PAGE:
Cite This Page:

JAMA and Archives Journals. "Smoking may be associated with increased risk of breast cancer." ScienceDaily. ScienceDaily, 25 January 2011. <www.sciencedaily.com/releases/2011/01/110124162619.htm>.
JAMA and Archives Journals. (2011, January 25). Smoking may be associated with increased risk of breast cancer. ScienceDaily. Retrieved November 26, 2014 from www.sciencedaily.com/releases/2011/01/110124162619.htm
JAMA and Archives Journals. "Smoking may be associated with increased risk of breast cancer." ScienceDaily. www.sciencedaily.com/releases/2011/01/110124162619.htm (accessed November 26, 2014).

Share This


More From ScienceDaily



More Health & Medicine News

Wednesday, November 26, 2014

Featured Research

from universities, journals, and other organizations


Featured Videos

from AP, Reuters, AFP, and other news services

Pet Dogs to Be Used in Anti-Ageing Trial

Pet Dogs to Be Used in Anti-Ageing Trial

Reuters - Innovations Video Online (Nov. 26, 2014) Researchers in the United States are preparing to discover whether a drug commonly used in human organ transplants can extend the lifespan and health quality of pet dogs. Video provided by Reuters
Powered by NewsLook.com
Today's Prostheses Are More Capable Than Ever

Today's Prostheses Are More Capable Than Ever

Newsy (Nov. 26, 2014) Advances in prosthetics are making replacement body parts stronger and more lifelike than they’ve ever been. Video provided by Newsy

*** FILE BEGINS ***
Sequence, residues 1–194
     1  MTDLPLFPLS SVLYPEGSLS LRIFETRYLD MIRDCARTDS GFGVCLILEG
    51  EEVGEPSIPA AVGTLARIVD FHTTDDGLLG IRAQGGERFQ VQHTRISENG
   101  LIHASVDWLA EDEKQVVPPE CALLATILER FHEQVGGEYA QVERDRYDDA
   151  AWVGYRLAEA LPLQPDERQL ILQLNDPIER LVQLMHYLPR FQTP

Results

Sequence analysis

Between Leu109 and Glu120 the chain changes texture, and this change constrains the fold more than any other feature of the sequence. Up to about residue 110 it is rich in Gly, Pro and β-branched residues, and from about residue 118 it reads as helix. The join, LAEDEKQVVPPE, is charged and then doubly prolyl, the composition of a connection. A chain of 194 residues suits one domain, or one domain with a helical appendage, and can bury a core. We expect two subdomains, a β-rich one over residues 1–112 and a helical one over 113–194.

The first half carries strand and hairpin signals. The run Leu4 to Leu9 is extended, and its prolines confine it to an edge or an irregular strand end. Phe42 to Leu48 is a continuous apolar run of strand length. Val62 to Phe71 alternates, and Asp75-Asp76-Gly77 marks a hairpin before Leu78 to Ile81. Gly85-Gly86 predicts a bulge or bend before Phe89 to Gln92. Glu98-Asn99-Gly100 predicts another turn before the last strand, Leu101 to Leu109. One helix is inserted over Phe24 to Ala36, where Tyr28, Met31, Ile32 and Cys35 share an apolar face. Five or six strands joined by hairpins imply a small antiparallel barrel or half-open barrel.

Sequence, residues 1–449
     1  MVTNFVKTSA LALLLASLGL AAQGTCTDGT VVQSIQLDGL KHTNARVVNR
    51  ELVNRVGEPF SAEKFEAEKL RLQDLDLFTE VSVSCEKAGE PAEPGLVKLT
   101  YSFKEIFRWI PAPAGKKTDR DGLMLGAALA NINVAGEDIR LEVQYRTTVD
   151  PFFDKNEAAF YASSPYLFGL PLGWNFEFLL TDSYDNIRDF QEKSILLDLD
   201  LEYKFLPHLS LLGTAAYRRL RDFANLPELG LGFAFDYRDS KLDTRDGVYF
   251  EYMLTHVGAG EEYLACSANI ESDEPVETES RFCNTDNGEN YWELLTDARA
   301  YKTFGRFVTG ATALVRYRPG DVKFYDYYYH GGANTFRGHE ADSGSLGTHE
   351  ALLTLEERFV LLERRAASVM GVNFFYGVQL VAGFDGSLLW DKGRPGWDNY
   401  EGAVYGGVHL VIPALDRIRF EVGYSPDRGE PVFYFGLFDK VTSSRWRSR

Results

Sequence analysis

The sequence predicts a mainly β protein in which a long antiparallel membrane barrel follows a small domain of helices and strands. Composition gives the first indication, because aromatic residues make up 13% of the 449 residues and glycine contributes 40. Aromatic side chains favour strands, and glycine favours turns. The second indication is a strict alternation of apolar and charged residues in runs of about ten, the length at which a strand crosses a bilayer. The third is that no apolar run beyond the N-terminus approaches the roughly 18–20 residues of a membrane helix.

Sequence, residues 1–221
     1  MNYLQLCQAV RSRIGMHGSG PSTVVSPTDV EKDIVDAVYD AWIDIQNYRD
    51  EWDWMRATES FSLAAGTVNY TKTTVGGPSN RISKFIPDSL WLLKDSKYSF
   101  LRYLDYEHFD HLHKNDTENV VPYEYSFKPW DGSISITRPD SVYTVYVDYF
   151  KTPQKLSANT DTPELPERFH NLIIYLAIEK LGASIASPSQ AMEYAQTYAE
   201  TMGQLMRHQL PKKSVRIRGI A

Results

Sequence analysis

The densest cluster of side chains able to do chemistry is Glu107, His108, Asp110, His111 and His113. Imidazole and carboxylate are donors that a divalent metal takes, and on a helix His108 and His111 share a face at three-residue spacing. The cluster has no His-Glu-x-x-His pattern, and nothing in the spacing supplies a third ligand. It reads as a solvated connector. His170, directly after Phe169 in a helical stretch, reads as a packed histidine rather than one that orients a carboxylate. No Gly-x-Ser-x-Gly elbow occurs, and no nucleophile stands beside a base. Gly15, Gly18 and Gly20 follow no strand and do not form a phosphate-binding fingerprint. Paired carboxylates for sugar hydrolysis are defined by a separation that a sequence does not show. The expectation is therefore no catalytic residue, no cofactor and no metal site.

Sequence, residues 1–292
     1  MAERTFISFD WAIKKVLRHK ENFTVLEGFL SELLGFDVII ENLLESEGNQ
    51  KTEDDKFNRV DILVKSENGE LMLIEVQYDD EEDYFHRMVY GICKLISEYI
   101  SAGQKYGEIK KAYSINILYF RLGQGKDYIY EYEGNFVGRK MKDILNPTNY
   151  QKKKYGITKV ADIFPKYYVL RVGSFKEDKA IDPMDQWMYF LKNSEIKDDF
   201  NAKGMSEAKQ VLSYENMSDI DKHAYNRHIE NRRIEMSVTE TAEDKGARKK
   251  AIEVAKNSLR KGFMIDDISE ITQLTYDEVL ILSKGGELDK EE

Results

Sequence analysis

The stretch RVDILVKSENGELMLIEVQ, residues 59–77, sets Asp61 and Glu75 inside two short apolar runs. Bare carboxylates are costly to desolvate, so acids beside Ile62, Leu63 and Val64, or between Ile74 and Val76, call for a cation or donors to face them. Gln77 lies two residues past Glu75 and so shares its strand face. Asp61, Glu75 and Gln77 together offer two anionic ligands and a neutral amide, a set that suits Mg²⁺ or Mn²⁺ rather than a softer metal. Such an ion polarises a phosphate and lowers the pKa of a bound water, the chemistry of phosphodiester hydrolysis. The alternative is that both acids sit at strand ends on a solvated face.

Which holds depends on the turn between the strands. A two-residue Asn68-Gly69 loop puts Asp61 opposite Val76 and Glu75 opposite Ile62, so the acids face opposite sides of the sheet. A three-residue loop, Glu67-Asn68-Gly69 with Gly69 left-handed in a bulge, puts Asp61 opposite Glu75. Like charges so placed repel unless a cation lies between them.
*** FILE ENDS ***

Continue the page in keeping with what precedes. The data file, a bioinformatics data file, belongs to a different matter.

Powered by NewsLook.com
From Popcorn To Vending Snacks: FDA Ups Calorie Count Rules

From Popcorn To Vending Snacks: FDA Ups Calorie Count Rules

Newsy (Nov. 25, 2014) The US FDA is announcing new calorie rules on Tuesday that will require everywhere from theaters to vending machines to include calorie counts. Video provided by Newsy
Powered by NewsLook.com
Daily Serving Of Yogurt Could Reduce Risk Of Type 2 Diabetes

Daily Serving Of Yogurt Could Reduce Risk Of Type 2 Diabetes

Newsy (Nov. 25, 2014) Need another reason to eat yogurt every day? Researchers now say it could reduce a person's risk of developing type 2 diabetes. Video provided by Newsy
Powered by NewsLook.com

Search ScienceDaily

Number of stories in archives: 140,361

Find with keyword(s):
Enter a keyword or phrase to search ScienceDaily for related topics and research stories.

Save/Print:
Share:

Breaking News:

Strange & Offbeat Stories


Health & Medicine

Mind & Brain

Living & Well

In Other News

... from NewsDaily.com

Science News

Health News

Environment News

Technology News



Save/Print:
Share:

Free Subscriptions


Get the latest science news with ScienceDaily's free email newsletters, updated daily and weekly. Or view hourly updated newsfeeds in your RSS reader:

Get Social & Mobile


Keep up to date with the latest news from ScienceDaily via social networks and mobile apps:

Have Feedback?


Tell us what you think of ScienceDaily -- we welcome both positive and negative comments. Have any problems using the site? Questions?
Mobile: iPhone Android Web
Follow: Facebook Twitter Google+
Subscribe: RSS Feeds Email Newsletters
Latest Headlines Health & Medicine Mind & Brain Space & Time Matter & Energy Computers & Math Plants & Animals Earth & Climate Fossils & Ruins